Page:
04.04.2024 - von Plan International Switzerland

Eunice & Kumba’s Plan

In Sierra Leone, Plan International is supporting young women to become qualified teachers. Eunice and Kumba took part in the four-year training programme, receiving stipends and mentorship to support their success and remove financial barriers.

After dropping out of school, our programme offered Eunice and Kumba the chance to catch up on the learning they’d missed and get certified as schoolteachers ­ an opportunity most women don’t encounter in rural Sierra Leone. This is their plan to Beat The Clock:

1. Become school teachers.
2. Be a role model for young girls.
3. Change what is expected of girls and women.


When Eunice left school, she was living out a story that’s common for young women in Kailahun, Sierra Leone. “When you become a [school] dropout, you feel very much sad,” she says. “You feel isolated."

Eunice is one of five children in a family she describes as poor. She left school when her mother died in 2019, leaving her as the primary earner for her family. She became a mother herself when she was 18 years old.

In rural Sierra Leone, 75% of girls don’t continue their education after primary school. None of Eunice's siblings went to school. Eunice’s experience was the norm.

In 2021, Eunice was invited to enrol in a four-year Plan International programme that supports out-of-school young women to become teachers. There, she met Kumba, another young single mother at a similar crossroads. Kumba had dropped out of school when her mother fell ill and hadn’t found a way back to the classroom until the programme offered an alternative. 

Eunice, Kumba, and 200 other young women in their cohort had the chance to catch up on the learning they’d missed and get certified as schoolteachers with real-life classroom experience. They were supported with tutors, mentorship, stipends and childcare to help them complete the programme. They worked hard to pursue their certification via distance learning while juggling their other responsibilities.

“A woman's education ends in the kitchen”

In Sierra Leone, only 28% of teachers are female. Yet it's been shown that when girls have women teachers they are more likely to attend school and excel with their studies. They're also more likely to raise their concerns and get the support they need.

“A lot of my friends in the programme had challenges with their husbands at first,” says Eunice. “The men believed that if their wives were educated, it would create competition and marital problems at home.”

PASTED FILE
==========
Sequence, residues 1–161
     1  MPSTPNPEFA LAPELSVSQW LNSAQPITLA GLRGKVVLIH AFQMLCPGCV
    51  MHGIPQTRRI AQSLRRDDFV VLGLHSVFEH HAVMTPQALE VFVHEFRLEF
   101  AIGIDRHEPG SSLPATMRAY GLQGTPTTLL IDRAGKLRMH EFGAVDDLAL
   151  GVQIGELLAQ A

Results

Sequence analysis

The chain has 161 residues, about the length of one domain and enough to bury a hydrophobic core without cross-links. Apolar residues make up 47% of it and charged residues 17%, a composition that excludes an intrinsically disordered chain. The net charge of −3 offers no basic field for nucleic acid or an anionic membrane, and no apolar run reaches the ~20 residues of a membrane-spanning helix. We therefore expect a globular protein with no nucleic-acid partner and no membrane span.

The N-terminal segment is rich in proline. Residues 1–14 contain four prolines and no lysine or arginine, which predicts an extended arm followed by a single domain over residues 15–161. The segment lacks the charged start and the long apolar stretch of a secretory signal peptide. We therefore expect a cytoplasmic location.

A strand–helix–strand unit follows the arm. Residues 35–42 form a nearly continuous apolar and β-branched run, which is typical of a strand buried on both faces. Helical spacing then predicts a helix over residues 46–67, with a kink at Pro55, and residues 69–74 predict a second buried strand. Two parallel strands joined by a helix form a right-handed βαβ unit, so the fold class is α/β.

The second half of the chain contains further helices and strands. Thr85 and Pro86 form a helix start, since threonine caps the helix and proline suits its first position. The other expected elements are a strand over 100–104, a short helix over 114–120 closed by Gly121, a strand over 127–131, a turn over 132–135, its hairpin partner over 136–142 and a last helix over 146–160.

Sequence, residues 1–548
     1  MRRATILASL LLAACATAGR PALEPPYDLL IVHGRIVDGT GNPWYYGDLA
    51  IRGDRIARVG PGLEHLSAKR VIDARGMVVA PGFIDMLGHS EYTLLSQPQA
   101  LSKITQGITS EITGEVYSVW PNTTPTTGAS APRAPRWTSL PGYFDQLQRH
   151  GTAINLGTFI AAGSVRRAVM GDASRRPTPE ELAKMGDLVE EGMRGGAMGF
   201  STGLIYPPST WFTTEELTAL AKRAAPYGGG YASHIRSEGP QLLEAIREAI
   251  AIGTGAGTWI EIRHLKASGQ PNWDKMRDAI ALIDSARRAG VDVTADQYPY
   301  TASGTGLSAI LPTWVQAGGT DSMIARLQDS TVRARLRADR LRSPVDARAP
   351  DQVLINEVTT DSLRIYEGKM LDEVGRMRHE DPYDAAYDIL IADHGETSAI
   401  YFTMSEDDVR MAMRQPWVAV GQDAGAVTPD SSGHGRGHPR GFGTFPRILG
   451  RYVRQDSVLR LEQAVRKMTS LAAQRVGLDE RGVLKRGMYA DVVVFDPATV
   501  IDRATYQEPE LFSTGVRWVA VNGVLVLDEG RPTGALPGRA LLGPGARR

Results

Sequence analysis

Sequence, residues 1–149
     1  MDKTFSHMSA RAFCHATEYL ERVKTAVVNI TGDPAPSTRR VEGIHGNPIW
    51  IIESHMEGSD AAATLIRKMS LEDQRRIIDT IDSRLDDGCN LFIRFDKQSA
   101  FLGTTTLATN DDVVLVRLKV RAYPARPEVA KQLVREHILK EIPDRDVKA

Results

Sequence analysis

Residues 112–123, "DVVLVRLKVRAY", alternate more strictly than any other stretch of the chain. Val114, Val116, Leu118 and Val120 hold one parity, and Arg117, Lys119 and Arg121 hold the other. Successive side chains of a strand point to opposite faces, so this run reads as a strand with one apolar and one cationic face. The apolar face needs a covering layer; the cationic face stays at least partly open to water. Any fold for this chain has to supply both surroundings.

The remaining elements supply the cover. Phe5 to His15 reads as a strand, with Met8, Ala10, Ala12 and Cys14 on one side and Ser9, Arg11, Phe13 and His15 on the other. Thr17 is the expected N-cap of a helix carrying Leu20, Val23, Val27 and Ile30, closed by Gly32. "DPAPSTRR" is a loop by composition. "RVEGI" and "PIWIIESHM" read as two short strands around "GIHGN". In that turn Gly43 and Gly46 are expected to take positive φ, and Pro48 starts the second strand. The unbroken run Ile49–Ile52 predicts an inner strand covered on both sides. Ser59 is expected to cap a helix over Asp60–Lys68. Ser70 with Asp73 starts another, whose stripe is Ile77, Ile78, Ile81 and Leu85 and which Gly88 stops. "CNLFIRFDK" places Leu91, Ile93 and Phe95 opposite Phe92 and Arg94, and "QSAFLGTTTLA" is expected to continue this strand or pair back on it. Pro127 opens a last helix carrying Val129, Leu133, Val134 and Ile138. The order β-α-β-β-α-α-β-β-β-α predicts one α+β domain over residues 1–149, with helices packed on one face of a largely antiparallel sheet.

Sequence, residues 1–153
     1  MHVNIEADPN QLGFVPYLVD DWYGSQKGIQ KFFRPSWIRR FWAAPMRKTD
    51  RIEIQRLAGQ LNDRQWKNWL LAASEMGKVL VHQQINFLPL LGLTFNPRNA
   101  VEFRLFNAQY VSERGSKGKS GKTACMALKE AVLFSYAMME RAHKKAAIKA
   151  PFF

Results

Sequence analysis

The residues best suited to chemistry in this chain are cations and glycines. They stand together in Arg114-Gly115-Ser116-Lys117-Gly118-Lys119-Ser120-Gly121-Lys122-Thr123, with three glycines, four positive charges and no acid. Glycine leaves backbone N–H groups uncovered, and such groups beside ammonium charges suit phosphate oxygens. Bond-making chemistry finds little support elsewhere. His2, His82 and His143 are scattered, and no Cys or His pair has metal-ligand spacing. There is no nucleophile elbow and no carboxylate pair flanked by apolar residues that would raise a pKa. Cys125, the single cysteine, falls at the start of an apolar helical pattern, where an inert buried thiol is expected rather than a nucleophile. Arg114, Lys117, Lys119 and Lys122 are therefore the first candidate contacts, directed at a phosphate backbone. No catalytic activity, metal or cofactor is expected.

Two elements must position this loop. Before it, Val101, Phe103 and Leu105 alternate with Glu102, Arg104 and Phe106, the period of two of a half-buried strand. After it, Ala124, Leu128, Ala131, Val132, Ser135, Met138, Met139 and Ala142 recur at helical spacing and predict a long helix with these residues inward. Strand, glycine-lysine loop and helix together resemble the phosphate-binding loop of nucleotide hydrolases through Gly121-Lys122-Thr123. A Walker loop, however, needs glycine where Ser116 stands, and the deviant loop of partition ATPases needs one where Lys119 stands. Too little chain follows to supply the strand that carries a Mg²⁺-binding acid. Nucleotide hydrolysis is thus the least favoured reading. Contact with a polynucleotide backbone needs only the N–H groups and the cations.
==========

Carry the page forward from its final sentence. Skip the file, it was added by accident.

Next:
Kumba, Eunice, and the other project participants found they were challenging strongly held beliefs about a woman’s place. "People say that a woman's education ends in the kitchen," shares Kumba. "I totally disagree with them all.”

But things are changing and men are becoming more supportive of the women in the programme. “We have to keep talking to the men who are jealous of us. We can show them that when a woman is empowered, she brings the benefits home with her,” says Kumba.

She has also seen a change in her community. “Before, women were not considered when it comes to decision-making.” Now, when people are trying to make decisions, they often seek her out to join the discussion.

Eunice, too, has noticed that her friends come to her for advice and are keen to learn from her experiences. She feels like a changed person from when she dropped out of school. “When you can do something on your own for the future, you feel proud,” she says. “And when a woman is educated, a whole nation can be educated.”

Estimates say it will take more than 130 years for the world to achieve gender equality

but girls and women like Eunice and Kumba are promoting gender equality now, which will help to #BeatTheClock. 

  • Less than 50% of students in Sierra Leone can write their name by the time they are in the 4th grade.
  • Only 16% of children meet the expected level of literacy for their grade. 
  • While 82% of children enroll in primary school, only 36% make it to secondary school. This number drops to 18% for completion of secondary school, the majority of which are students living in urban areas.
  • 20% of teenage girls are pregnant or have given birth. 
  • 40% of women are married by the age 18. 
  • Out of 83,000 teachers in Sierra Leone, only 28% are female. That means many girls don’t have role models or advocates in their classrooms.


  • Kumba and Eunice were supported by Plan International’s four-year Teacher Training for Inclusive Girls’ Education (TTIGE) project in Sierra Leone.
  • For the six-week in-person training portions of the certification course, Plan International helped set up a daycare so the trainees could bring their children with them and still focus on their studies.
  • More than 700 women have completed Plan International’s teacher training programme since 2014.
  • In addition to equipping them with in-class teaching experience, the programme increases their success when they’re officially qualifying for teacher certification. The national average pass rate on the final certification exam is 67%. For women who complete Plan’s training, the pass rate is 81%.
  • Today, 65% of the women who completed the programme are working teachers.